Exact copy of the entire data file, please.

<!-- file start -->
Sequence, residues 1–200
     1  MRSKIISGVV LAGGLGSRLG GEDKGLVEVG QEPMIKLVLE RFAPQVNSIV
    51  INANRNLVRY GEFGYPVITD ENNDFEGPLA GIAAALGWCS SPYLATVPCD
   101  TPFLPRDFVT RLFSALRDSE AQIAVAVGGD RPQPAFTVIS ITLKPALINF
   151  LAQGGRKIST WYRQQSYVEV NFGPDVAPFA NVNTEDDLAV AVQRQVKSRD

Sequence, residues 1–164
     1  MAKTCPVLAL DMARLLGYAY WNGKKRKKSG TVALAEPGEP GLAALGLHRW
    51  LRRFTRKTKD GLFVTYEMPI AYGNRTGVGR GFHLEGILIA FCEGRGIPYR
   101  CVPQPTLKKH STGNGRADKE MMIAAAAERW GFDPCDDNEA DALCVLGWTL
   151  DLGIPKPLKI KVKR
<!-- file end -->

Sequence, residues 1–200
     1  MRSKIISGVV LAGGLGSRLG GEDKGLVEVG QEPMIKLVLE RFAPQVNSIV
    51  INANRNLVRY GEFGYPVITD ENNDFEGPLA GIAAALGWCS SPYLATVPCD
   101  TPFLPRDFVT RLFSALRDSE AQIAVAVGGD RPQPAFTVIS ITLKPALINF
   151  LAQGGRKIST WYRQQSYVEV NFGPDVAPFA NVNTEDDLAV AVQRQVKSRD

Sequence, residues 1–164
     1  MAKTCPVLAL DMARLLGYAY WNGKKRKKSG TVALAEPGEP GLAALGLHRW
    51  LRRFTRKTKD GLFVTYEMPI AYGNRTGVGR GFHLEGILIA FCEGRGIPYR
   101  CVPQPTLKKH STGNGRADKE MMIAAAAERW GFDPCDDNEA DALCVLGWTL
   151  DLGIPKPLKI KVKR